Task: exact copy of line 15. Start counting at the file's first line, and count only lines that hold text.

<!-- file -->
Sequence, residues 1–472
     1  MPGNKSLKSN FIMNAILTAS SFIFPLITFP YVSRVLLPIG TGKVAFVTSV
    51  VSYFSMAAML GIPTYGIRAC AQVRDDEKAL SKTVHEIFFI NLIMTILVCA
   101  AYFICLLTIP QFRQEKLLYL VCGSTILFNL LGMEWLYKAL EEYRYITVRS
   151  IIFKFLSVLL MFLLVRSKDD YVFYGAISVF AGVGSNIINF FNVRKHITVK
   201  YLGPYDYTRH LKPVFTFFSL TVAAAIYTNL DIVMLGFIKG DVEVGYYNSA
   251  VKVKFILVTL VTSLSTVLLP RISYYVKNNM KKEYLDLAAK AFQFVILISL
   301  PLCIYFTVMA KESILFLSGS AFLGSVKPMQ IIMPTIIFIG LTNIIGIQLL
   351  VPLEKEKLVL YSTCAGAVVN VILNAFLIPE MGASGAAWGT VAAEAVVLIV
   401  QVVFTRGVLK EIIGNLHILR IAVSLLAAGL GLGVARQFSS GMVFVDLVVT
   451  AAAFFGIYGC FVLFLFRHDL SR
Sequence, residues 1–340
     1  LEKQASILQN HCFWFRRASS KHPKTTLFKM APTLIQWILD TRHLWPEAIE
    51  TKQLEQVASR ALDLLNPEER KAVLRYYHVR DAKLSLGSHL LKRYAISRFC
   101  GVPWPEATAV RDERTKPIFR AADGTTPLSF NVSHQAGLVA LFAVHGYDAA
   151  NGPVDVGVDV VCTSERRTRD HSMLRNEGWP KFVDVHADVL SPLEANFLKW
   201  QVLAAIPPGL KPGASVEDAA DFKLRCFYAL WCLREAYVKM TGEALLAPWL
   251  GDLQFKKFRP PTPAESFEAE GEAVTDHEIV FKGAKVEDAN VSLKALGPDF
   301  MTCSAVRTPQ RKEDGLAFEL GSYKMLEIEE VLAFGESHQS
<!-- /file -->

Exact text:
   101  GVPWPEATAV RDERTKPIFR AADGTTPLSF NVSHQAGLVA LFAVHGYDAA